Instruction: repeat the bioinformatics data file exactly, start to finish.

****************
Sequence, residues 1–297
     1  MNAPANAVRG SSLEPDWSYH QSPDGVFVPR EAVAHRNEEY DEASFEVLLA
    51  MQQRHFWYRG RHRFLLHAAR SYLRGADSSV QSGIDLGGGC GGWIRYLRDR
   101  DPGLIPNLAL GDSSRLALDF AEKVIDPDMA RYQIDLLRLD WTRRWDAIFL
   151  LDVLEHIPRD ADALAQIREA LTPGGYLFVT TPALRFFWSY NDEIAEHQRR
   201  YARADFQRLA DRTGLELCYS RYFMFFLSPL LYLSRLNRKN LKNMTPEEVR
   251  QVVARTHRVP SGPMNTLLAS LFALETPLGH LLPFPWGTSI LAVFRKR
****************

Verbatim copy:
Sequence, residues 1–297
     1  MNAPANAVRG SSLEPDWSYH QSPDGVFVPR EAVAHRNEEY DEASFEVLLA
    51  MQQRHFWYRG RHRFLLHAAR SYLRGADSSV QSGIDLGGGC GGWIRYLRDR
   101  DPGLIPNLAL GDSSRLALDF AEKVIDPDMA RYQIDLLRLD WTRRWDAIFL
   151  LDVLEHIPRD ADALAQIREA LTPGGYLFVT TPALRFFWSY NDEIAEHQRR
   201  YARADFQRLA DRTGLELCYS RYFMFFLSPL LYLSRLNRKN LKNMTPEEVR
   251  QVVARTHRVP SGPMNTLLAS LFALETPLGH LLPFPWGTSI LAVFRKR